Download R is a Programming Language that is mostly used for machine learning, data analysis, and s and more Exercises Mathematics in PDF only on Docsity! MAT2001 LAB 20BAI1158
VIT
Vellore Institute of Technology
Zen} 5 (Deemed to be University under section 3 of UGC Act, 1956)
MAT2001 LAB
EXERCISES SUBMISSION
Reg Num: 20BAI1158
Name: Delano Oscar Do Rosario Lourenco
Course: Statistics For Engineers
Faculty: Dr. Jaganathan B
Semester: WS 2021
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Contents
Introduction to R.....
Commands
Examples
Variables
Vectors, Arrays, and Data Frames...
a
Commands
Examples
String Manipulation
Commands
Examples
Infinity and Not a Number
Example....
Reading CSV Files
Commands
6 0m» ow aa
Example
Inbuilt Dataset.
Commands
Examples
Data In Tables
Commands
Examples
Plotting in R
Commands
Examples
Probability
Commands
Examples
Binomial Probability Distribution
Commands
Examples...
Poisson Probability Distribution
Commands
Examples...
Normal Probability Distribution ....
MAT2001 LAB 20BAI1158
Variables
Aim: To understand variables can be declared and accessed in R as well as types of
variables.
An integer variable “x’
An integer variable “y” with value 2
with value 1
eo
A string variable “name” with value “Delano”
eo eeu
A float variable “I” with 0.0000089
eae
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20BAI1158
Vectors, Arrays, and Data Frames
Aim: To understand the concept of Vectors and Data Frames in R.
Commands
6(1,2,3,...)
Combines the arguments in the form of a vector
data.frame(vect, vec2,
vec3, . . .)
Used for storing data tables. It is a list of vectors of equal
length.
NROW(data) Returns the number of rows present in data
NCOL(data) Returns the number of columns present in data
Examples
marks numStudents
yA
20
coll col2
1 John
2 Adam
5) 3 Jane
ea es)
[1] 2
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MAT2001 LAB 20BAI1158
ait ile) als; iil ale.
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MAT2001 LAB 20BAI1158
Reading CSV Files
Aim: To understand how to read files in R.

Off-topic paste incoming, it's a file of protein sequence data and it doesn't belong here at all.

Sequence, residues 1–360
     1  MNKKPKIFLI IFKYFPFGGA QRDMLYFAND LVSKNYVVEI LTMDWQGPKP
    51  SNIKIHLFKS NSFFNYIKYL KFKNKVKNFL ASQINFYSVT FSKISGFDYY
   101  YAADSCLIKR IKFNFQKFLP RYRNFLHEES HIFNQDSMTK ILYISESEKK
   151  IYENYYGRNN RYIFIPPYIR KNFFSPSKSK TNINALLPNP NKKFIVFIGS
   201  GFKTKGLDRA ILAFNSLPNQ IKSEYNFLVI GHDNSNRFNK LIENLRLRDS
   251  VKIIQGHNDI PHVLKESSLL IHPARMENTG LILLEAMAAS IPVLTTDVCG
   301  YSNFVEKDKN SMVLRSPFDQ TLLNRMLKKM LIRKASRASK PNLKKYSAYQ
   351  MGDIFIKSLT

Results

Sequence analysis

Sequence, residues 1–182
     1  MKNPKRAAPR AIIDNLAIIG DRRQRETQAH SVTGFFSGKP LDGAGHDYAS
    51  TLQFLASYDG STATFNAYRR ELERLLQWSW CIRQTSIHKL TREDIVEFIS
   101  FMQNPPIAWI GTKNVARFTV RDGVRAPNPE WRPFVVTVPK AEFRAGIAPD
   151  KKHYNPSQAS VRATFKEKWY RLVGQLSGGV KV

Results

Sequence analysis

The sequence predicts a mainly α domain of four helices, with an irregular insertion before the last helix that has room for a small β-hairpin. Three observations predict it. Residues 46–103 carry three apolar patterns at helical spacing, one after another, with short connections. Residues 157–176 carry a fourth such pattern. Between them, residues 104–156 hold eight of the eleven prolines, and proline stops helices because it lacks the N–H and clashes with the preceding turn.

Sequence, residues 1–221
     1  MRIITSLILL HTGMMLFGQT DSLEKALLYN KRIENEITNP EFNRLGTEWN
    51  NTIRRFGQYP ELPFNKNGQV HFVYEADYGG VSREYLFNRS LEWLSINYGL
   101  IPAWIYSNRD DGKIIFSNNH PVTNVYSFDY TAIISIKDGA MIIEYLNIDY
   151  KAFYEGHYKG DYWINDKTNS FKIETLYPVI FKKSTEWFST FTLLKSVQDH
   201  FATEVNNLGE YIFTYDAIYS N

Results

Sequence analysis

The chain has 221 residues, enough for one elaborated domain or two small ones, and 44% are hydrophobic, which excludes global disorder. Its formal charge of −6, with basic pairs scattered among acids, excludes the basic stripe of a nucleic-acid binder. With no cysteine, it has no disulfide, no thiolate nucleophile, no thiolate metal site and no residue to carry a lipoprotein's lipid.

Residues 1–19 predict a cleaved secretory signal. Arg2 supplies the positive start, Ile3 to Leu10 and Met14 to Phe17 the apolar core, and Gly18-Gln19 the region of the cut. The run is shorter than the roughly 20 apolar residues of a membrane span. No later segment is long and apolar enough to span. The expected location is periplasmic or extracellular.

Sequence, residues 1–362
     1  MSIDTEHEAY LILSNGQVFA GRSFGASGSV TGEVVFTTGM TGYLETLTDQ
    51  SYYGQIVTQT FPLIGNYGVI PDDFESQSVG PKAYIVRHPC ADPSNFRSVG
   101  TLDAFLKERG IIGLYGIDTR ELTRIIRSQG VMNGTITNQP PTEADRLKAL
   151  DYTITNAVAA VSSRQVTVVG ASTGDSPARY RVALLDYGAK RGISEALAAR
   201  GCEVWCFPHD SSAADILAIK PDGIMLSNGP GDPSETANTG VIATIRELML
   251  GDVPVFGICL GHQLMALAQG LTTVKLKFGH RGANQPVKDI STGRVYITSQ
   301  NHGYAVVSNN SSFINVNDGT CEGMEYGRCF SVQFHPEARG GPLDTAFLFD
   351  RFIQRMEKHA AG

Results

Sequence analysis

Commands
Reads a file in table format and creates a data frame from
it, with cases corresponding to lines and variables to
fields in the file.
file: local or absolute path of file or file.choose(),
tead.csv(file, header) header: a logical value indicating whether the file contains
the names of the variables a first line. If missing, the
value is determined from the file format: header is set to
TRUE if and only if the first row contains one fewer field
than the number of columns.
file.choose() Choose a file interactively
Example
marks.csv
A B
1 StudentID — Marks
2 10000 69
2 10001 69
4 10002 71
5 10003 1
6 10004 48
7 10005 91
8 10006 42
9 10007 85
10 10008 40
"1 10009 2
Student .ID Marks
10000
a Kololene
10002
mi Kololeys}
10004
10005
10006
10007
10008
10009
il
re
3
yy
5
i)
vA
8
9
af
i)
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MAT2001 LAB
20BAI1158
Inbuilt Dataset
Aim: To understand the various inbuilt datasets available in R.
Commands
mtcars
The data was extracted from the 1974 Motor Trend US
magazine and comprises fuel consumption and 10
aspects of automobile design and performance for 32
automobiles (197374 models).
It has 32 rows with 11 columns.
iris
This famous (Fisher's or Anderson's) iris data set gives
the measurements in centimeters of the variables sepal
length and width and petal length and width, respectively,
for 50 flowers from each of 3 species of iris. The species
are Iris setosa, versicolor, and virginica.
ToothGrowth
The response is the length of odontoblasts (cells
responsible for tooth growth) in 60 guinea pigs. Each
animal received one of three dose levels of vitamin C (0.5,
1, and 2 mg/day) by one of two delivery methods, orange
juice or ascorbic acid (a form of vitamin C and coded as
VC).
Examples
Lec Mec)
Mazda RX4 Wag
Datsun 710
Peete an)
Hornet Sportabout
EMRE
Sepal.Length Sepal.width Petal.Length Petal.width Species
2 2 a = setosa
Era me 1¥
Fes ekry
ETS er
Era e1¥
RSet